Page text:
The third driving instructor was my saving grace. He was patient enough with me. He at least understood the challenge I was facing: my ruthless Manila driving skills ergo a Dutch driving disability. So between us, he took everything as a teamwork effort and it worked.
I am sure that in other countries I can pass a practical driving exam in a snap. Sadly, I live in the Netherlands where getting the drivers license is like aiming at the Holy Grail. The standards used are very high and this is not remotely an exaggeration: GETTING A DRIVERS LICENSE IN THE NETHERLANDS IS NOT EASY, IT IS HARD!!! But not impossible.
However Manila, my Manila...
The Manila traffic that crippled my driving acumen is a world of its own. There are of course road rules but they are most often than not - not observed. They are left to extinction.
Drivers join the traffic with the beastly instinct mentality, the defensive-aggressive behavior + no rules apply. Whoever is quick and has the nose of the car an inch further out... has the right of way.
Basically, driving in Manila is like watching an action-packed movie minus the casualties. And because of this, my eye vision and acuity in traffic participation is only limited to the first 3-meters around me. There is really no need to further look as most of the traffic in Manila transpires between a few inches to a 3-meter radius.
It’s all about reflex. A far cry from how driving is done here in Holland ;-(
My Philippines driver’s license which is already expired (need to renew it) and after all the stress and fuss, my laminated and computerized Philippines driver’s license is replaced with my almost € 3,000 Dutch driver’s license… in a measly pink paper? With this amount of money, I can probably buy a whole barangay’s [town] drivers license in the Philippines!
Facts: The Philippine driver’s license is renewed every 3 years and during the renewal, one must take a urine, drug and physical test. They even weigh and measure you, lol! The Dutch driver’s license though is renewed every 10 years and there are no tests during renewals, only when you reach 75, then physical and health checks are required.
The figure to stash out for a Dutch drivers license is between this: € 2,000 to € 4,000. Some even spend more than a whopping € 5,000. It’s indeed a full-blown business here because the ISO certified Dutch government has regulated every inch step of this driver’s license madness.
To practice driving, one must (and there is NO other way) enroll in a registered driving school and be assessed and taught by an official driving instructor. If caught self-driving, using a non-registered car with a non-official driving instructor, you will face penalty (and perhaps this will serve as grounds of not being issued a future drivers license).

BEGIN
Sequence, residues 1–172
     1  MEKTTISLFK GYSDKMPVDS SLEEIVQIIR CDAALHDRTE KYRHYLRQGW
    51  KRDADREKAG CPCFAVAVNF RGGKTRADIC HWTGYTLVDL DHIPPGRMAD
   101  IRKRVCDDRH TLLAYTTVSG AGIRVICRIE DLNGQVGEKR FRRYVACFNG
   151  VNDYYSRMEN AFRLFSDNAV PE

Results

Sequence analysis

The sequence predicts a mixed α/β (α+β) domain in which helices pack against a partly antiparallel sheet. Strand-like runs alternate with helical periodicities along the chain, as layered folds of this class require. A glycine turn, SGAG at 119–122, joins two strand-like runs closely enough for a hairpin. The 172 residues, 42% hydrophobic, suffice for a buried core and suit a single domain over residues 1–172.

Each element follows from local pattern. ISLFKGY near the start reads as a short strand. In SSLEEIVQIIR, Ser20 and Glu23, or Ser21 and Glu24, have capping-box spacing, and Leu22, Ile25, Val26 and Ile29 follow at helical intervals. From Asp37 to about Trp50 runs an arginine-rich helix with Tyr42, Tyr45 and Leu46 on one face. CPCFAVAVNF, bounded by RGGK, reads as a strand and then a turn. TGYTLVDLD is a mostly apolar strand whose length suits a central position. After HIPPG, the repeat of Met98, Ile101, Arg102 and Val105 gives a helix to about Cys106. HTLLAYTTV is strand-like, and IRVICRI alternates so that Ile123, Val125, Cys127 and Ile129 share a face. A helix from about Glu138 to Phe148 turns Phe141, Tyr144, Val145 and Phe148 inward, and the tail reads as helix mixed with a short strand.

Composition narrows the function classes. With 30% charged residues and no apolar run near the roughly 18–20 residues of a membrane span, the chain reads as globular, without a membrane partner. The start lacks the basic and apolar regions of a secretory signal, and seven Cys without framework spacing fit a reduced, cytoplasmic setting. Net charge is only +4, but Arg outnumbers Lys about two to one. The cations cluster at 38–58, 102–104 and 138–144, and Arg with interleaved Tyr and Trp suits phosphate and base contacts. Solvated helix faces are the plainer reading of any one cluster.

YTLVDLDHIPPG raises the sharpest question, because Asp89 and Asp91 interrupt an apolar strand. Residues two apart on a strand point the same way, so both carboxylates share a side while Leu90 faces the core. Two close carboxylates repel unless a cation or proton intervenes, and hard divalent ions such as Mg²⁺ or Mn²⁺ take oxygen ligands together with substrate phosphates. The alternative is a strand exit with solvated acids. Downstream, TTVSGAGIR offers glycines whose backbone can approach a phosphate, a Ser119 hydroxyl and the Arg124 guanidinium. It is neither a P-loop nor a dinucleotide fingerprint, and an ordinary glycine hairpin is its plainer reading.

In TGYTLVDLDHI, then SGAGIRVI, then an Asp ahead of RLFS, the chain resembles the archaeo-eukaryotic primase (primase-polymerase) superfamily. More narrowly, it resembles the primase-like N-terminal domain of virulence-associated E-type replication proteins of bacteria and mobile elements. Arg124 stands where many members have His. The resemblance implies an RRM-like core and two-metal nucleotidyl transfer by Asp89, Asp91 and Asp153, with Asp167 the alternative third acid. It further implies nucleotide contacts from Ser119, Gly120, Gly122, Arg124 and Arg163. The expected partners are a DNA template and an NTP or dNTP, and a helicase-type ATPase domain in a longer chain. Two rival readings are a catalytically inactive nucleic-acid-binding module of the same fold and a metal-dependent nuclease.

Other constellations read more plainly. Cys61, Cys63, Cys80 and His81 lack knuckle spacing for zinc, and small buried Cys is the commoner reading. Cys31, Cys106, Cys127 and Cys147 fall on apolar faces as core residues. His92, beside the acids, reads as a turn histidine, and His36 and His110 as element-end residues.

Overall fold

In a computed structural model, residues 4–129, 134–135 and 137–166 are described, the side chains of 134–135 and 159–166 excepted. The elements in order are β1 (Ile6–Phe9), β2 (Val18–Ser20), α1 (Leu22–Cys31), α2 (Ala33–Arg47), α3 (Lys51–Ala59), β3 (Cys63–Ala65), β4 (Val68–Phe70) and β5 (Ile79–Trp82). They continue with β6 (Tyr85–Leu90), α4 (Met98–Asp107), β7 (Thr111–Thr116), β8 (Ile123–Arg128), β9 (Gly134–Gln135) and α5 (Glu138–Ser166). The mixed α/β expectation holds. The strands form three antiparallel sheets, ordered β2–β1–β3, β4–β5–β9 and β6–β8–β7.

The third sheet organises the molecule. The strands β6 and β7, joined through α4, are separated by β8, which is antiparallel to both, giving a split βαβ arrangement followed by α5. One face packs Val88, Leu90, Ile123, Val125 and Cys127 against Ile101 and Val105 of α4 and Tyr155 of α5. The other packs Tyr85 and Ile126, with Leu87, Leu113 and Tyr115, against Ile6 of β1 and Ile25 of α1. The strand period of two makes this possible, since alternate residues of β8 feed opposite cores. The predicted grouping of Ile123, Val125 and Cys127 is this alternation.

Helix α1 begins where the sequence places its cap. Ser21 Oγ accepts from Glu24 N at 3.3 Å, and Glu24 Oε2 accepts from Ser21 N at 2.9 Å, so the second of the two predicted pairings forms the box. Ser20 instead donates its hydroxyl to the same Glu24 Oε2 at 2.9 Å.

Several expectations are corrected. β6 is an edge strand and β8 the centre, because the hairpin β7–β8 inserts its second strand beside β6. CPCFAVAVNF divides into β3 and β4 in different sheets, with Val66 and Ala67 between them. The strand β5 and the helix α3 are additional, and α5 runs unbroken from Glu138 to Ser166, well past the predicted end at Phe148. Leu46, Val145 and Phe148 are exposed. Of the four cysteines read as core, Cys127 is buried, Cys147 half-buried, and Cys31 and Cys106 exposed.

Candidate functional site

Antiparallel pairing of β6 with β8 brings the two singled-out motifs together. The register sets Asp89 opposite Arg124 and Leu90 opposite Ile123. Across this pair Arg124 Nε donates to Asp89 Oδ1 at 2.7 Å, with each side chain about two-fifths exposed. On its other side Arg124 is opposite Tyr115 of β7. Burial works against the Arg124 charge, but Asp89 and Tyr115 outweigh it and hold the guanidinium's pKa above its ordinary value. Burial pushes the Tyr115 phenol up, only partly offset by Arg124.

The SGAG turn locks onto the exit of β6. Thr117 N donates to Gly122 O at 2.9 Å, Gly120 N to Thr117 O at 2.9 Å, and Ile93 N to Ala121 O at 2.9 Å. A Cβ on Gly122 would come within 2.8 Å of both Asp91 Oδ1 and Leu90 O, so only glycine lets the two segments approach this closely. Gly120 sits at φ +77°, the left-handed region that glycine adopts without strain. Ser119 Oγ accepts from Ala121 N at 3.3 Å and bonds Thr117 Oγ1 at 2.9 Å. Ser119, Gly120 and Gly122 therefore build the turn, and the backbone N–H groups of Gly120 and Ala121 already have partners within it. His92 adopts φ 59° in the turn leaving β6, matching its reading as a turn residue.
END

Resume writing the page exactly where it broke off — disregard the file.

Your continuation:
Dutch Drivers License Exemptions:
The EU/EEC countries and the 5 only non-EU/EEC countries, thus foreign drivers licenses from these countries below are exempted and are exchangeable to a Dutch one.
(4) South Korea
If you notice these countries are relatively small too and based from the reviews of a few friends living there, they say getting a drivers license is also very expensive and a nightmarish experience.
Another exemption is if you are living in the Netherlands temporarily and holding a work, student and business permit, then you can freely use your foreign driver’s license (best if translated to an international one). However, if you become an immigrant or you get naturalized, then you will automatically lose your foreign driver’s license and must therefore apply for a Dutch driver’s license, which means re-taking the theory and practical driving exams.
Anyway, I was furious when I found out that a Philippine driver’s license is actually valid and exchangeable in France? How can this be Chirac?!!! ARGH! Should I be mad that the Dutchman is not a French man?
Driving Theory and Exam
A simple advice: Study S-E-R-I-O-U-S-L-Y! Spend a few months studying and reviewing the Dutch traffic peculiarities. Memorize. It doesn’t hurt to buy the theory exercise books. There are also many free online driving theory exercises. Check this Rijbewijs Startpagina site.
This is the Uitslagformulier theorie-examen [Result of the theory exam]. On the side attached to this is the Theoriecertificaat [Theory certificate]. I scored 45 out of 50. Passing was 44 out of 50. Oops ha-ha I almost did not make it.
LET OP: This theory certificate is only valid for ONE FULL YEAR. If for example, you have not successfully passed the practical driving exam within a year from the date stated in the theory certificate, then the only option left is to RE-TAKE the theory exam. One must have a valid and up-to-date theory certificate when taking the practical driving exam.